Friday, 6 May 2011


We're looking for a 2D artist.
Man, it's hard work.
Each day, I sit with the company director and Ben (recently promoted to senior artist :o) to sort the good from the bad, and the good subsequently receive a brief.
The brief is to take a pre-designed zoom window and work it up to a polished asset.
Along with the brief, we also provide a couple of examples of finished zoom windows.
I have also written out a few prerequisites, simply explaining the zoom's function in the game. And there's a good deal of mood, style, and context notes included for good measure.
Essentially, there are a handful of things that must be in place, or the game is broken; beyond that, there is unbridled freedom within a certain set of boundaries.

Bearing in mind that this brief is only going out to artists who have already demonstrated in their portfolio that they have exceptional art skills, the brief is designed to test the artist's ability to work within the confines of a brief.

So far, every submission has destroyed the functionality and/or requirements clearly outlined in the brief.

It really does seem to scupper a lot of people - this idea that every creative project requires some set of boundaries, even if those boundaries are simply labelled 'no boundaries' - precisely the kind of brief that Gilbert and George might impose upon any given project.

So I've finished the first pass of the cut-scene and cinematic script, and now I'm working in a few small nuggets of backstory into the design doc. This is the stuff that will give meaning to the climax. It perhaps doesn't seem like a big job. Here's the view of my two monitors.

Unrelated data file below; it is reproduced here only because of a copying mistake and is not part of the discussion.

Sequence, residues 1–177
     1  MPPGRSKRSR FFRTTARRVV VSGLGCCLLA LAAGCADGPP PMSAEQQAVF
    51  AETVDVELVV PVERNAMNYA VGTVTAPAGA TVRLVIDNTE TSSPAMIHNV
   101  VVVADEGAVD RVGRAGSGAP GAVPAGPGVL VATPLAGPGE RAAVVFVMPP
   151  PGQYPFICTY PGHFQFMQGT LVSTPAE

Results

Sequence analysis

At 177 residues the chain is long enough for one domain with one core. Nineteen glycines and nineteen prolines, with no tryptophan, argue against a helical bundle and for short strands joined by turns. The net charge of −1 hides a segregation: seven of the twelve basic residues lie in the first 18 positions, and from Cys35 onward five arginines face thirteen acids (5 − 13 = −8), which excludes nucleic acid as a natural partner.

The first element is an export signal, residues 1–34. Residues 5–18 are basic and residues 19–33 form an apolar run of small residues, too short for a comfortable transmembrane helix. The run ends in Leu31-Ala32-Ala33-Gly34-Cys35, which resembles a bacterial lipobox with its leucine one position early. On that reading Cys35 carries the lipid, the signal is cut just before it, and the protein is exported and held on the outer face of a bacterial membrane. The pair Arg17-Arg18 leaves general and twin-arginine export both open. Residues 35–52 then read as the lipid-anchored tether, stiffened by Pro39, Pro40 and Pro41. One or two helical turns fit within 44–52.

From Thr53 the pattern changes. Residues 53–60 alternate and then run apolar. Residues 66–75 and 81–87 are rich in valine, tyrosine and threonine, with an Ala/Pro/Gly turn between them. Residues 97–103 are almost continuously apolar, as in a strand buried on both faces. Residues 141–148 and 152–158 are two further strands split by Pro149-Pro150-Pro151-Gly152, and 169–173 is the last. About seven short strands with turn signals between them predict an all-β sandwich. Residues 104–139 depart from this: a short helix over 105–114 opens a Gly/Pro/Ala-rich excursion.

I also have four note/sketch books open on my desk.
(Apologies for the heavy use of redaction, but there's some key stuff there which gives too much of the bigger picture away.)

This is all the stuff I am cross-referencing to ensure that:
1) Nothing in the game breaks.
2) Maximum impact is achieved.
3) Believability is sustained.
And all this just to place a handful of lines of text into the game.

This shouldn't be unfamiliar to any creative maggoteers out there. How much research goes into a single paragraph of narrative? How much thought goes into the placement of any scene or the intonation of any line of dialogue or the stance of any character or the shape of a flower or breed of a cat?
(Ben and I were discussing the flowers he would use in the picnic garden; these flowers form the backdrop to a particularly poignant frame in a certain cut-scene. Their shape and colour will influence the emotional impact of the scene, and they will work with the focal character's skin tone and demeanour. Check out Pretty Woman for a splendid example of backdrop flowers. If memory serves, it's a scene in which Vivian and Kit are discussing Vivian's new life.)

In the top left of that image, you might recognise a page from Jonny's book which opened the CE act to M3.
Originally, the number in the bottom right-hand corner was an even one.